Roxy Music Review – Peacock rock art and their unparalleled anthems | Roxy music

TIt was an atmosphere of mystery that prevailed Roxy musicThe heyday of the seventies, in recent years, has been replenished by their absence from the live scene. It’s been over a decade since I last played rock opponents Debonair in the UK, which is a longer period of time, by the way, than the band’s entire eight-album recording history from 1972 to 1982. As interesting as the expectation is Roxy’s comeback On the 50th Anniversary Tour, with a lineup of four core members of their Imperial phase, including guitarist Phil Manzanera, drummer Paul Thompson and saxophonist and oboeist Andy Mackay. Still seeing unimaginable elegance and good looks at 77, the County Durham-born striker Brian Ferry He slips on stage and onto his piano chair in a dark suit, white shirt loosened and open to the chest. To borrow a song from Love Is the Drug: Dim the Lights, you can guess the rest.

The suitably career-extending collection begins with the opening track from Roxy Music’s self-titled debut album in 1972 – Re-Make/Re-Model – practically a statement to break it up and start again with its rogue wobble and shout-out vocals. All the shiny, shiny, peacock feathers and peacock feathers of the denim era of hard rock blue, funky punk time, and racy transatlantic juices by the time other British bands absorbed their bloated ways yet, Roxy’s originality and influence was something for everyone from David Bowie to Kate Bush could agree on it. Through his genius gameplay and mysterious acoustic “cures”, Brian Eno He polished his left-wing credentials as a founding member of the band before resigning in 1973, but Roxy’s reputation for invention has outlived the perverted strategists.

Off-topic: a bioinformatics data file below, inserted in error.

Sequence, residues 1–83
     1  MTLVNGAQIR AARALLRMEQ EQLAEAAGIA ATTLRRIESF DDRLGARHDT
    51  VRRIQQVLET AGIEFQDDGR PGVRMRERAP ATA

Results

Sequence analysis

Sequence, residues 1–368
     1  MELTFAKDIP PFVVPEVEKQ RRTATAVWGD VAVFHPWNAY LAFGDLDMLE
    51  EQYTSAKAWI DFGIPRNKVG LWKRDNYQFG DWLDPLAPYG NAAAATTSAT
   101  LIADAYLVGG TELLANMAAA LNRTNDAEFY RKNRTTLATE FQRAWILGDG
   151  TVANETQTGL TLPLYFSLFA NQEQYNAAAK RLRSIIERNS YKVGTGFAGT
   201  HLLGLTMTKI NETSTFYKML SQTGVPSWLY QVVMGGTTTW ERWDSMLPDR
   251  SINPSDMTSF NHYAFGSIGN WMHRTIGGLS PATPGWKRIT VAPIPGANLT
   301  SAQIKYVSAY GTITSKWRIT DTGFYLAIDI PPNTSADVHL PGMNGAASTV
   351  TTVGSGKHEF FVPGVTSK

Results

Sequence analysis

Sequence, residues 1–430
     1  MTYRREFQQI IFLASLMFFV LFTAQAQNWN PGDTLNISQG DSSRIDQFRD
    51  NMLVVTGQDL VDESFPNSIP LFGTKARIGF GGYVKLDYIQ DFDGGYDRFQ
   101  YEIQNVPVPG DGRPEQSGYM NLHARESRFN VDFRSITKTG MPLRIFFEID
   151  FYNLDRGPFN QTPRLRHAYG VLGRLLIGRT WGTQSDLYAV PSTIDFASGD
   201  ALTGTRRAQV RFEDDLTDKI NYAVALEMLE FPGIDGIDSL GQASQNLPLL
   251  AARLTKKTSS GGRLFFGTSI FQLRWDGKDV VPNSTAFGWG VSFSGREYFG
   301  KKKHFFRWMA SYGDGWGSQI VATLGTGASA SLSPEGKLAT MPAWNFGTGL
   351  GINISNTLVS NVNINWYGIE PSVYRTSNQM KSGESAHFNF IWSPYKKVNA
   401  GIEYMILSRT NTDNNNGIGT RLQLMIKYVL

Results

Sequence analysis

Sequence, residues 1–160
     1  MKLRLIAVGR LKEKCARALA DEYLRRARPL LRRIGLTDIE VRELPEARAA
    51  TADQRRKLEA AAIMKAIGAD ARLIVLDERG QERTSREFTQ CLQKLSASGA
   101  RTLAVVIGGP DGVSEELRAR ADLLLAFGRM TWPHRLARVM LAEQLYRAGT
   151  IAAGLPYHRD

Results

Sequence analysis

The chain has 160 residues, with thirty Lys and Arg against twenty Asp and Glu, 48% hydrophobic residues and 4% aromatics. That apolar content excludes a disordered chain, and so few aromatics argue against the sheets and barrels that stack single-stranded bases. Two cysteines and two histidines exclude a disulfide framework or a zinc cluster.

“Their best and most enduring songs paint the emotions in simple colours.” Photography: Stuart Westwood/Rex/Shutterstock

Fairey’s hairline has withstood the ravages of time much better than his luxurious silky krona – he’s counting on three supporting vocalists to help do most of the heavy lifting tonight, especially during a streak of Roxy’s most extreme numbers. However, the exact utterance somehow fits into a satire that drips as if written entirely with inverted commas. Among the plethora of opening songs from the end of the band’s most unsettling catalog, The Bogus Man — wisely shortened from its full nine-minute version in 1973’s For Your Pleasure — slipped and slid, before Ladytron saw a tartan Mackay suit treat Hydro awkwardly. Almost certainly one of the wildest oboe solo the place has ever seen. Surely a band with such an aversion to choirs would have nowhere to fill the squares a half-century later, but it helps whenever they unleash one’s ensemble—like Ferry’s armful playing to oh yeah, Ferry’s melancholy ode to Hollywood’s fading glamor— It tends to be huge.

The theater is filled by nine other musicians, including three keyboard players, in testimony to the maze arrangements of songs such as the primitive Soviet pop exercise The Main Thing. In every dream house, heartache—part critique of hollow opulence, part romance poem to inflatable sex doll—Fairy revisits his darkest lyric to a shivering member and creepy Manzanera guitar lines, the stage lit up in sinister green, ahead of the rest of the band. With a thunderous bang and the singer wanders offstage to let Roxy rock. It’s still in the wings as Mackay takes center stage for Tara, the epic oboe music surely beloved of the ubiquitous upscale hi-fi vendor.

For all the texture and shade of the Roxy Music catalog, the best and most enduring songs paint the emotions with simple colours. In the lively chorus and rhythm of Bontempi and the on-pipe electric disco of Dance Away, it’s easy to hear the origins of each new romantic band raiding their mothers’ makeup cabinets. It hardly matters that Ferry doesn’t bother trying to pounce on More Than This – people get out of their seats in ecstasy. The last disturbance is Roxy music At their most unrestrained, from the soaring horndog anthem and punk-funk precursor Love Is the Drug, to You Stamping versions, flank the band’s saccharine cover for John Lennon Jealous Guy, a pair of the original perennially young towers of the Virginia Plain and Doe Strand. It’s all in the past now, but has any other band made the look and sound of the future that much fun?

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